No i think i haven't made my question clear . sorry about that .
when i have a scenario as in my two programs in my previous post, I have imported class 'Arrays' from another package java.util as well as created a user defined class 'Arrays' in the same program . So, under such a scenario when i use
import java.util.Arrays.*; i get no error in the program .
but when i use import java.util.Arrays; i get an error .
it is under such a situation when you have same class names, that i want to know the difference between the 2 imports .
i have once again pasted the 2 programs below with the 2 different import statements in each .
NO ERROR :
CAN SOMEBODY EXPLAIN .
Enthuware Software Support
posted 3 years ago
Sorry, I realized now that you are not using static import.
The statement import java.util.Arrays.*; imports the class * from package java.util.Arrays.
So it is ok to define Arrays class in your code. There is only one Arrays class available in scrap in this case.
The statement import java.util.Arrays; imports the class Arrays from package java.util. So now you have two Arrays classes available in scrap code. Compiler realizes that there is ambiguity in the name Arrays so it complains.
shambhavi sivan wrote:java.util.Arrays cannot be a package because it clashes with the Arrays class in the java.util pakage already provided by java.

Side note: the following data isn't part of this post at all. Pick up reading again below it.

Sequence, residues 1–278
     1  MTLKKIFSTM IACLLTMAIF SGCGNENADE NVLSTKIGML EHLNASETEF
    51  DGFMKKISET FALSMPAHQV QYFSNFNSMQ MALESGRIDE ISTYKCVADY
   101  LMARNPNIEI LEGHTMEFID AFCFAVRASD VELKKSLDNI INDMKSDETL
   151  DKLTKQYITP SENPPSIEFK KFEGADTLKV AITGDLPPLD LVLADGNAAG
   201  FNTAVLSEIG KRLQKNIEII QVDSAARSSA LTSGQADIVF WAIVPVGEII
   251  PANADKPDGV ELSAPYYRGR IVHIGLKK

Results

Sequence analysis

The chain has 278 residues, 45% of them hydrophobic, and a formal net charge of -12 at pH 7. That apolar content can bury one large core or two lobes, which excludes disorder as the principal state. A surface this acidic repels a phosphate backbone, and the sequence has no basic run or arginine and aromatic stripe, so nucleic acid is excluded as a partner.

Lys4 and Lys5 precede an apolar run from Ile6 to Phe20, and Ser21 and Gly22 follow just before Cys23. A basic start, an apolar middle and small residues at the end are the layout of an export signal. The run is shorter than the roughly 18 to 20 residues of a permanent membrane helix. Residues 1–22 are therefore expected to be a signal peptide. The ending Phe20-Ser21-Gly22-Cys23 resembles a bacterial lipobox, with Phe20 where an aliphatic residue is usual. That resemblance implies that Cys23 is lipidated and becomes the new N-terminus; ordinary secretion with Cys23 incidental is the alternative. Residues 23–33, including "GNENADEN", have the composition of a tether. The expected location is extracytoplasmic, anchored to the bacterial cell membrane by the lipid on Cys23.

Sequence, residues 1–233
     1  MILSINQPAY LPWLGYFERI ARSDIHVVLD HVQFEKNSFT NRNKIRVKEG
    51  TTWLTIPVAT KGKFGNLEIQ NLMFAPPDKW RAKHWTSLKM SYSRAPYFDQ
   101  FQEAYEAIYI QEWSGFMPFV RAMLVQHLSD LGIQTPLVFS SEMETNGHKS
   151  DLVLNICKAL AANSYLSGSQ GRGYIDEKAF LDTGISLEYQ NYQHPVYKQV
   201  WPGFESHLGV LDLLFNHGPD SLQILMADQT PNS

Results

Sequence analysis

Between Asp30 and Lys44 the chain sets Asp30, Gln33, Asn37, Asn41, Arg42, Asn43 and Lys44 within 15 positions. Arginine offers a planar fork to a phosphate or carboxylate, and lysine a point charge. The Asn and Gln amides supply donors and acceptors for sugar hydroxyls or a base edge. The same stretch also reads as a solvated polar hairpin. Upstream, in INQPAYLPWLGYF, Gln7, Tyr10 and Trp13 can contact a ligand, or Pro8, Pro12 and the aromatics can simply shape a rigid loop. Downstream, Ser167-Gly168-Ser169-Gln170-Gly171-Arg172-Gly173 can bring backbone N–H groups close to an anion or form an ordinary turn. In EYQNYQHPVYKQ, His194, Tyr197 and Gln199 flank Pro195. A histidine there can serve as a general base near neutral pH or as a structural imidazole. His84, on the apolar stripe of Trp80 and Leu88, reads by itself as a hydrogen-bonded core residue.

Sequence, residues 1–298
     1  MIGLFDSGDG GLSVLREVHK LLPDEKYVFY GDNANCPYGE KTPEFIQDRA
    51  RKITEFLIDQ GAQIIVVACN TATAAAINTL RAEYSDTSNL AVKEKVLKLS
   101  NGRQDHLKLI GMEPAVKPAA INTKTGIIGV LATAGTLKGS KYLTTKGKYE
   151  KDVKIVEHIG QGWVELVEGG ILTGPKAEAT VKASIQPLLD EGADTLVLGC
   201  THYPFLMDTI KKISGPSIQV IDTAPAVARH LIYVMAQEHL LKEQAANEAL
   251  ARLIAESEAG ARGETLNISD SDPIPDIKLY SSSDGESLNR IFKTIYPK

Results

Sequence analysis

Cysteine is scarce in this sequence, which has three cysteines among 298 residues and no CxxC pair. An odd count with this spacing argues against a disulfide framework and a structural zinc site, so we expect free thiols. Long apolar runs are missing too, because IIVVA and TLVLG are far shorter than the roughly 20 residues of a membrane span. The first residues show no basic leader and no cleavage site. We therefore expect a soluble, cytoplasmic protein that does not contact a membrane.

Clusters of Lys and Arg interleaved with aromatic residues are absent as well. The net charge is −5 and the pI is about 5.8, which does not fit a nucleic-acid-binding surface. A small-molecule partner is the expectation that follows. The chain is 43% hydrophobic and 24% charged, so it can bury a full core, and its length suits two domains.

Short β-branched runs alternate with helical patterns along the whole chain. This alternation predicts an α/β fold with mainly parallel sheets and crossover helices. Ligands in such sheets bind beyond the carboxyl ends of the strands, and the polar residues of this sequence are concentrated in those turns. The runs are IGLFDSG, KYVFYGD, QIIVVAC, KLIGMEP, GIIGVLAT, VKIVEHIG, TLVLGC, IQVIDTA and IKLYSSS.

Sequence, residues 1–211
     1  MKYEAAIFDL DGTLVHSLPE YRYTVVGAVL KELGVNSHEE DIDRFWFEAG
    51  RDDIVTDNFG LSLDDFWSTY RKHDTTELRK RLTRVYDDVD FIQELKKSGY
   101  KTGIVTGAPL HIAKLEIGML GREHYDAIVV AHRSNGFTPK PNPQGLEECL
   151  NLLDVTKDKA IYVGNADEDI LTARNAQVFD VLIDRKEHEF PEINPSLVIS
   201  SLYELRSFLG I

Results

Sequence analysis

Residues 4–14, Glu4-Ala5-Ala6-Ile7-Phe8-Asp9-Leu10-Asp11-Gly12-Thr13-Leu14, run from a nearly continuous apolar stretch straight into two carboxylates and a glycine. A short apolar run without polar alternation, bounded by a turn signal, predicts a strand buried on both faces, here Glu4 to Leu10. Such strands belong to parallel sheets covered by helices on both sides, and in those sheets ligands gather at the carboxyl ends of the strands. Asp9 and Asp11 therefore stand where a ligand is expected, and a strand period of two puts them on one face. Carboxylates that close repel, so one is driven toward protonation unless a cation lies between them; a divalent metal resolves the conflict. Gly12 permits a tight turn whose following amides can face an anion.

This is *not* true. Remember that a classpath can have multiple directories. So, yes, with the default rt.jar, it will clash, and hence, can't be a package... but you can have a separate directory in the classpath (and also, separate jar files)... ie. it is possible to have that package and not clash.
shambhavi sivan wrote:
what happens when a wildcard is specified after a class name in the import statement ?
As already mentioned, it loads all the classes/interfaces from the package... in this example, the "package1.sub_package1.classA" package.
And also, even if it wasn't possible to not have a clash, how does the first point lead to the second point (your question)? According to the specification, in your example, the package is named "package1.sub_package1.classA". There is nothing in the specification that states, that if there is some class with a conflicting name, then it is not a package.
Oops... This is embarrassing. I completely forgotten about nested classes in this context. Yes, it is possible for the import to succeed, even if only ClassA exists (meaning no package named ClassA). In this case, the compiler will be trying to import the nested classes of the ClassA class.